A small village in Italy claim that an Etruscan chariot in the Met in New York was illegally exported from Italy 100 years ago.
Daily Telegraph 
Thursday 26 May 2005
Give us back our chariot, Umbrian villagers tell the Metropolitan Museum
By Bruce Johnston in Perugia
A tiny Umbrian village is taking on the mighty Metropolitan Museum in New York, claiming that one of its most exalted exhibits, an Etruscan chariot, was illegally exported from Italy 100 years ago.
The sixth-century bronze and ivory chariot, the pride of the museum’s Etruscan collection, was originally sold to two Frenchmen by a farmer who dug it up in a field at Monteleone di Spoleto, near Perugia, in 1902.
According to family lore, the farmer received two cows in exchange. The local mayor, Nando Durastanti, believes that he actually swapped the chariot, one of the world’s greatest antiquities, for 30 terracotta tiles. It was later dismantled and illegally exported from Italy, concealed in a grain shipment.
Dealers from Florence sold it to the Metropolitan in New York in 1903 – allegedly with the help of the financier JP Morgan, who would later become the museum’s director – but Mr Durastanti says that the museum has no right to keep it.
“That chariot is rightfully ours and they’ve got to give it back,” he said last week. “There’s no question. We’ve got a very good case.
“It belongs to our territory and was illegally exported from the country. When it was taken out of Italy, the issue was even raised in parliament in Rome.”
The museum had failed to provide proof of ownership, or that Italy had approved its export, he said.
Said to be the only Etruscan chariot ever found intact, the 14ft by 4ft vehicle, showing scenes from the life of Achilles in relief, was part of a burial treasure.
It was found with the remains of two humans still sitting inside, along with two drinking cups, which helped date it to 530BC. The farmer, Isidoro Vannozzi, is said to have stumbled across it while digging a wine cellar. He hid the treasure in his barn, fearing that the authorities would confiscate it.
The village council in Monteleone (population 662) has instructed solicitors to demand its return from the Metropolitan “to its place of origin and people”.
Tito Mazzetta, a lawyer based in Atlanta, Georgia, who is representing Monteleone, wrote an initial letter to the Metropolitan, demanding that the chariot’s “uniqueness” and cultural importance meant that it should be returned.
Sharon Cott, the vice-president of the museum and its chief legal counsel, said that the Metropolitan “respectfully declined” to give up the exhibit. “The Metropolitan has owned the chariot for over 100 years, long after any legal claim could be timely brought,” she argued.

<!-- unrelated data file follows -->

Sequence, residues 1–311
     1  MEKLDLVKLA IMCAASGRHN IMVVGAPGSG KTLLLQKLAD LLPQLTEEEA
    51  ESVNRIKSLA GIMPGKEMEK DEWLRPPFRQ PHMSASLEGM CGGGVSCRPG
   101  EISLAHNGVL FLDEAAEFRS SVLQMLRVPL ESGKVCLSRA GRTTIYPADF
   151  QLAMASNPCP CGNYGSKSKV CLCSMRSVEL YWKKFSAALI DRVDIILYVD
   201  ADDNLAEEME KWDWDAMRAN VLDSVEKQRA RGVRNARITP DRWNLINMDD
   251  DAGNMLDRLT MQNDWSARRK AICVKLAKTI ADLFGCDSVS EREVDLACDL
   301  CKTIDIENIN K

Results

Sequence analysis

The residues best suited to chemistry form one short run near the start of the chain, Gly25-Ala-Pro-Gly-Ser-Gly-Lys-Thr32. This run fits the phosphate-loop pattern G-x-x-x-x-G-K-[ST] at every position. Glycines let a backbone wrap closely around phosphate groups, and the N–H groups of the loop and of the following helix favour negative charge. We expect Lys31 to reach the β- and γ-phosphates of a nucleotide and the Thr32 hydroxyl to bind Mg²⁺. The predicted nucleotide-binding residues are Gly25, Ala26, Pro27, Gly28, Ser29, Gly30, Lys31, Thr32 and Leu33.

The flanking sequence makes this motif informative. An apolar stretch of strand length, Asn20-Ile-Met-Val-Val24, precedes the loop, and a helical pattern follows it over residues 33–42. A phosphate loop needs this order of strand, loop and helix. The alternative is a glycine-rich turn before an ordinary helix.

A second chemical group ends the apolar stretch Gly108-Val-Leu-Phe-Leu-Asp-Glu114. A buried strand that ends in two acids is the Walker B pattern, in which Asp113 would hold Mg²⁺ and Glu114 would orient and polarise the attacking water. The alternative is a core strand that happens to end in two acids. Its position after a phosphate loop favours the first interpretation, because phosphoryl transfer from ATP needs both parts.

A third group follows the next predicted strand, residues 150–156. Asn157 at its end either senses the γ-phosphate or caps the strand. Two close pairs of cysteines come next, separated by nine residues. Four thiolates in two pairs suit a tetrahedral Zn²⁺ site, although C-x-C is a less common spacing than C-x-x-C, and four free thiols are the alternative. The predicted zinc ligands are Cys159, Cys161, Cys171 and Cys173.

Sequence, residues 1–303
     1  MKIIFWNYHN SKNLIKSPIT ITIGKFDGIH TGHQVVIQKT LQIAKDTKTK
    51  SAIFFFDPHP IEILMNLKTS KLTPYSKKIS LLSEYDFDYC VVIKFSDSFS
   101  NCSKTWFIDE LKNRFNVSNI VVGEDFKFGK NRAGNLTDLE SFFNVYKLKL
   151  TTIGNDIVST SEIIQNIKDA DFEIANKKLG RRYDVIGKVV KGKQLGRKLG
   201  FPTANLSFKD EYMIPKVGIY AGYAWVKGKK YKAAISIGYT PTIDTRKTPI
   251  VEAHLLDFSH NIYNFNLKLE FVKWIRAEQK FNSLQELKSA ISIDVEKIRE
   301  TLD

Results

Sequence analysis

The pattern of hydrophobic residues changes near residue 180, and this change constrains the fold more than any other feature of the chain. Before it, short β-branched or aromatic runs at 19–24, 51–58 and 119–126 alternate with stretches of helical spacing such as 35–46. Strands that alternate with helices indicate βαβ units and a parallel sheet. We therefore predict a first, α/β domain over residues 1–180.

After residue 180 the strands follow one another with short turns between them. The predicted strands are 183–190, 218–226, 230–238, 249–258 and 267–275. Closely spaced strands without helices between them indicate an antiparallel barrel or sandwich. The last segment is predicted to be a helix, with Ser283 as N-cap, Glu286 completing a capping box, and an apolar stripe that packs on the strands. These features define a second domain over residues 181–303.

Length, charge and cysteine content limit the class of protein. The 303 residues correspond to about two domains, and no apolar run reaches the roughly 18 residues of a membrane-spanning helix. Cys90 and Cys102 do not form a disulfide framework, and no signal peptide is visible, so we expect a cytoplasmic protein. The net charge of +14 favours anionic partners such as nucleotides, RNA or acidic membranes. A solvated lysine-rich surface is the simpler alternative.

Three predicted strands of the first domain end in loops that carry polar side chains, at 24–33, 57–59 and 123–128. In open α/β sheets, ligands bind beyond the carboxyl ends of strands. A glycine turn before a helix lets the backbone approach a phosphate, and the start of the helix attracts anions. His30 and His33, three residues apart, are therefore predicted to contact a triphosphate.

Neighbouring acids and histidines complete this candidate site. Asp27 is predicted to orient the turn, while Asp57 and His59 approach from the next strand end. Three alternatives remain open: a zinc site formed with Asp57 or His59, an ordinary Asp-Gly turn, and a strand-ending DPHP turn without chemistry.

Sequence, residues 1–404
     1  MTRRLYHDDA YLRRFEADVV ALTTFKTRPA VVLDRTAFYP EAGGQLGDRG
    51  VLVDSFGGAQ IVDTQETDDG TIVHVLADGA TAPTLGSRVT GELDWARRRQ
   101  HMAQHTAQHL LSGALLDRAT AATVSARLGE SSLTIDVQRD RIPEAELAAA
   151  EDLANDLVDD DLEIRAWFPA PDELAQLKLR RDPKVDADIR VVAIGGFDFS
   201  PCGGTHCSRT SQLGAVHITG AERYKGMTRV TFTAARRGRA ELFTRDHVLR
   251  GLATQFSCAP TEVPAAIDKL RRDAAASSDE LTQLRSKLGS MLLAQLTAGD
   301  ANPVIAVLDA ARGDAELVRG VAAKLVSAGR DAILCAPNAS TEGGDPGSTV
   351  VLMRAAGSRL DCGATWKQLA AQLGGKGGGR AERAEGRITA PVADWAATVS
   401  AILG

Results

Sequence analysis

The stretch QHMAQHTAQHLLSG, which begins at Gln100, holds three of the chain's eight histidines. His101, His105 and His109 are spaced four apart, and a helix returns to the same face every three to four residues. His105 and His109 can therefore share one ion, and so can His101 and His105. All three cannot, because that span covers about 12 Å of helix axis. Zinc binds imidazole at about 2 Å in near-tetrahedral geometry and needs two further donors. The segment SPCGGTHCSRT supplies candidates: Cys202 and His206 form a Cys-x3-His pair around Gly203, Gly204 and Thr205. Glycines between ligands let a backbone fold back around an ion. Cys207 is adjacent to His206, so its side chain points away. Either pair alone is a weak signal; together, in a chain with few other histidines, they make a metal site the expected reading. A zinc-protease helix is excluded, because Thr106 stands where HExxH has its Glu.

The museum hoped that Italian dignitaries would attend the opening of its new Roman galleries in 2007, of which the chariot would be the centrepiece. But that would be out of the question, she said, if Monteleone “insisted on pursuing its futile claim” or “adopted some other adversarial posture”.
Undeterred, Mr Mazzetta sent a second letter last week, saying that Monteleone had the backing of Italy’s Commission for Public Education and Antiquities, the Umbrian regional government and 37 cities and towns in the region.
He claimed that Morgan, who became the Metropolitan’s director in 1904, had been instrumental in illegally obtaining the chariot.
Citing the case of an Atlanta museum, which two years ago handed back to Egypt a mummy exported to America in 1864, and Italy’s decision to return a 1,700-year-old Ethiopian obelisk plundered by Mussolini, he challenged the museum to make a “great and civilised gesture worthy of a great institution.
“What makes me so indignant is the offensive way these people viewed Italy,” Mr Mazzetta said last week. “They treated the Italians like so many Indians, flinging a few trinkets at them, knowing they didn’t have the power to fight the likes of powerful people like JP Morgan.
“At the time, the museum’s president, director and trustees, a group of very sophisticated, informed and powerful people, knew full well of the illegal provenance and understood the historical significance of the chariot. But they rode roughshod over the law anyway.”
According to Mr Mazzetta, the sale or export of antiquities unearthed in Umbria, and later in unified Italy, was banned from 1821, while from 1903 new legislation declared them to be “government property”.
Mr Mazzetta said that when Mr Vannozzi sold the chariot, he did so against Italian laws, meaning that subsequent buyers had also broken the law and were in receipt of stolen property.
Harold Holzer, a spokesman for the museum, said that Monteleone’s claim was “like Italy saying it now wants France to give back the Mona Lisa. It’s too late to discuss,” he said.